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Transportation Nation

NY State DMV Commissioner Resigns

Wednesday, December 31, 2014

Barbara Fiala, who held the post since 2011, largely flew under the radar — until a tumultuous autumn had street safety advocates calling for her resignation.
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Life of the Law

Privacy Issues

Tuesday, April 22, 2014

You’re driving your car down a street and as you pass, a camera takes a photo of your license plate. Who is taking the photo and what are they doing with the information? Reporter Cyrus Farivar has our story.

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Transportation Nation

Young Adults: We're Just Too Busy to Get Driver's Licenses, Says Survey

Tuesday, August 06, 2013

WNYC

Kids today: they just don't drive like they used to. There's been speculation as to what's behind the national decline in driving. Now, a new survey asked hundreds of unlicensed people just why they're not queuing up at the DMV. Here's what they said.

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Transportation Nation

Want to Drive a Semi in Montana? Be Prepared to Wait

Tuesday, March 12, 2013

(photo by Bradley Gordon via flickr)

(Helena, MT-YPR) – There's no relief in sight to remedy the long waits for prospective semi truck drivers to get their Commercial Driver’s License (CDL).

Montana legislators, for now, are not funding a request by the Montana Motor Vehicle Department to retain four full-time equivalent (FTE) CDL examiners. The inaction comes despite acknowledgement by members of the Montana House Appropriations Committee that there’s up to a 60 day waiting period to take the CDL exam.

“I find it unacceptable that we got a 60-day waiting list to put people to work so they can start paying their taxes,” says House Appropriations Chairman Duane Ankney (R-Colstrip). He adds this is not the fault of the MVD.

The reason for the shortage of semi-drivers is multifaceted, but it is exacerbated by the boom in the Bakken oil field in Eastern Montana and Western North Dakota. That has led to more people seeking training to drive the big rigs and the need for a CDL.

Montana State Capitol in Helena. Photo by Jackie Yamanaka

Ankney asks if the local community colleges can offer that training and testing.

MVD Administrator Brenda Nordlund says current state law prohibit third-party testing. “That happens in other states, but there are some risks,” she says. “Fraud, particularly when there is a large demand and scarcity of resource.”

Currently MVD has five people, some part-time, temporarily spread across Montana to conduct CDL exams. The money for those positions runs out June 30, 2013.

Initially the House Appropriations Committee tried to fund those positions with money from a consumer protection account. A legal opinion advised them against that action.

The Republican-controlled House Appropriations Committee passed the state’s main budget bill without funding the temporary CDL positions. The bill can still be amended on the House Floor or in the state Senate.

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The Takeaway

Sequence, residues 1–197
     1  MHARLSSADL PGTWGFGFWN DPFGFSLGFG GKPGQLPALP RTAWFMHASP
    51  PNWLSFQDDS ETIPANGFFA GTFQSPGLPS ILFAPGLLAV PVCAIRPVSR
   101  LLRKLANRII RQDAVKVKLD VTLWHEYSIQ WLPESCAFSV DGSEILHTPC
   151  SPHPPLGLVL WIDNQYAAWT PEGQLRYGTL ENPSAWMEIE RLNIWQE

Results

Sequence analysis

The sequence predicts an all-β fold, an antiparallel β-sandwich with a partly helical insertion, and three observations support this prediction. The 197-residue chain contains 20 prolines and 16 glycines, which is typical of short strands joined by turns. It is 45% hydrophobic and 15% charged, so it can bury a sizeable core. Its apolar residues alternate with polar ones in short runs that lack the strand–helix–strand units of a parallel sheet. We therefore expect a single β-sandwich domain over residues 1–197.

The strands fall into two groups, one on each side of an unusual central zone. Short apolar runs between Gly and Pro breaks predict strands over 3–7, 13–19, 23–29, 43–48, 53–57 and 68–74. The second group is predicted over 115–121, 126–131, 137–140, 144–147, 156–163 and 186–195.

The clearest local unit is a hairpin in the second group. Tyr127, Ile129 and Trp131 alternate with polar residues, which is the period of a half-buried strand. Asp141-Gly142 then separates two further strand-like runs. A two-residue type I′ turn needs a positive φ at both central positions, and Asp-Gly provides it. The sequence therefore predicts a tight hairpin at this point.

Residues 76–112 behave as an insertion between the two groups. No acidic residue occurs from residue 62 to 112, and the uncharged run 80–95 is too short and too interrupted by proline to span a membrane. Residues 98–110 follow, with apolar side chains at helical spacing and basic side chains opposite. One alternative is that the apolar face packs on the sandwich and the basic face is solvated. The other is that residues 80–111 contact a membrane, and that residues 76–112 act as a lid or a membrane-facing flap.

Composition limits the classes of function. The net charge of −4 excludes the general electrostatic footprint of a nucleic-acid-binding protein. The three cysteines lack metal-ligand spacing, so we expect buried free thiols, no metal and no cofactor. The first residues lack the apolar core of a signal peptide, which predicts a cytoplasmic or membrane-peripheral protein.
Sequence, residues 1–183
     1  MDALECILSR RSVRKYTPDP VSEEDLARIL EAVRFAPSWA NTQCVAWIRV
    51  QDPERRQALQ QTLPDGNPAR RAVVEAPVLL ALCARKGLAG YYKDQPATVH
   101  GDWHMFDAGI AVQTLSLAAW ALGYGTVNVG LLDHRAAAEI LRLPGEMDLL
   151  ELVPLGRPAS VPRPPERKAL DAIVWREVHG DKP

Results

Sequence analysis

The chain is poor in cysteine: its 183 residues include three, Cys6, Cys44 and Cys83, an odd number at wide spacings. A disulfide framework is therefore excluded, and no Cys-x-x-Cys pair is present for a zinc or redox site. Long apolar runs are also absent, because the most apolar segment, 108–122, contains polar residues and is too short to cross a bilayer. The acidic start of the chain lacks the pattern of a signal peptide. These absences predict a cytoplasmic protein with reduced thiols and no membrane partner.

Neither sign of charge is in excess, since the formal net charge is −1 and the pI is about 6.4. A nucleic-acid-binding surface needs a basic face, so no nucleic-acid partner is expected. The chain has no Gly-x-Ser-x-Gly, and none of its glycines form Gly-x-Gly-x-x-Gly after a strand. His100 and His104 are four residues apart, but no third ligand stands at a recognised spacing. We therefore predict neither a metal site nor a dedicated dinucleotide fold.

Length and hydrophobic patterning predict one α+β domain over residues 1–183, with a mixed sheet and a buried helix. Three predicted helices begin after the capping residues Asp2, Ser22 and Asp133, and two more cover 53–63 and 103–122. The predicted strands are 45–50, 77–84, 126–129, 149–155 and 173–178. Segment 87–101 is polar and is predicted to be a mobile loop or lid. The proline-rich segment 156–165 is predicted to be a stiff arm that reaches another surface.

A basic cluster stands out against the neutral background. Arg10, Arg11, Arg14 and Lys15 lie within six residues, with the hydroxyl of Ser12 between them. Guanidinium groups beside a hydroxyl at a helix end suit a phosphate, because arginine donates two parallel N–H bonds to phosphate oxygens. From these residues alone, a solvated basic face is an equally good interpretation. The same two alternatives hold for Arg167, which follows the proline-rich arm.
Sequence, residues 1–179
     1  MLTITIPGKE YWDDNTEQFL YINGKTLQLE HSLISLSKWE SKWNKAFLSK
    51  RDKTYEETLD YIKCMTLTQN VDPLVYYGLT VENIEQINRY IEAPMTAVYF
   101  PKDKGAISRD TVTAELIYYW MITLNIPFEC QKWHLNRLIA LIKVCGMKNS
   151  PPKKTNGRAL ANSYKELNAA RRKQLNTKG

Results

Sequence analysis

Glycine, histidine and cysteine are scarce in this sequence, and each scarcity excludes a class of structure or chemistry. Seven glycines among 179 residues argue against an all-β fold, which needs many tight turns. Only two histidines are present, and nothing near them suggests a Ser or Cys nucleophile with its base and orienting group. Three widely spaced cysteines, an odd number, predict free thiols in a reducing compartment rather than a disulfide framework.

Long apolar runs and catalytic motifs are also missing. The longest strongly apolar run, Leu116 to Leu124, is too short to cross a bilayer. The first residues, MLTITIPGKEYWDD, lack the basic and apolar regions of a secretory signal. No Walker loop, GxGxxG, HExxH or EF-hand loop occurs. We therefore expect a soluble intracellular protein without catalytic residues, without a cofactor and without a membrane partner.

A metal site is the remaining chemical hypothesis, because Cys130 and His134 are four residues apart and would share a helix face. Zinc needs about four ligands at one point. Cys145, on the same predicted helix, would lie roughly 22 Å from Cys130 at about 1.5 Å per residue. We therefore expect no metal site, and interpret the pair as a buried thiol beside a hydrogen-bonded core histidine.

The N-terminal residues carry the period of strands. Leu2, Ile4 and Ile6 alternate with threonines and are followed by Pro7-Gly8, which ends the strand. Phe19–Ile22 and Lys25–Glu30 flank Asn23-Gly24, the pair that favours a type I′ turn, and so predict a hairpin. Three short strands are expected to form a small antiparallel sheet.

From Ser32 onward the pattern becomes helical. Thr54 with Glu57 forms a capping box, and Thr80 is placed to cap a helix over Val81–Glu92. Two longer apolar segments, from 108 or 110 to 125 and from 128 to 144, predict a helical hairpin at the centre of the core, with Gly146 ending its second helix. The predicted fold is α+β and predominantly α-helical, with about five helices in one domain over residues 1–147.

You'll Need A License For That

Thursday, June 14, 2012

Today, about 30 percent of Americans’ jobs require licenses: hair dressing, interior design, earth drilling, even floristry in some states. It’s a percentage that’s on the rise. Professional licenses can promote high standards and excellence in health and safety. But in our turbulent economy, where the unemployed turn to the service industry for work, regulation is often a burden. 

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Transportation Nation

VIDEO Belgian Organization Tells Teens to Text While Driving (So They Won't)

Friday, May 18, 2012

How do you convince drivers not to text while driving? FORCE them to text while driving.

That's the reverse psychology applied by a Belgian organization called Responsible Young Drivers (RYD). The group has produced a video in which an actor, playing a driving instructor, told actual test takers that a new government regulation says they must demonstrate the ability to successfully text while driving to receive a license.

"Plenty of people will crash, I'm telling you!" says one would-be driver. Others scream, curse, swerve wildly and plow into traffic cones while trying to text instructor-dictated messages. (To up the difficulty level, the instructor criticizes their spelling.)

The end of the film provides the message that RYD wants to hammer home -- a frazzled teen saying "I can't do both!"

"Worldwide, vehicle crashes are the biggest cause of mortality of youngsters between 15 and 24 years of age," Axel Druart, RYD's European Project Director, told the BBC. "We have to do something about it."

Watch the video below.

 

 

 

 

 

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Transportation Nation

Riding Along on the DUI Run With Billings Police

Monday, March 05, 2012

Just before midnight, Billings Police Officer Marc Snider witnessed a young woman drive the wrong way through downtown and then roll over the median in a bank parking lot. He stopped her on the wrong side of the street by the Billings Gazette. Fellow officer Brandon Ihde drove over to assist.

(photo by Jackie Yamanaka)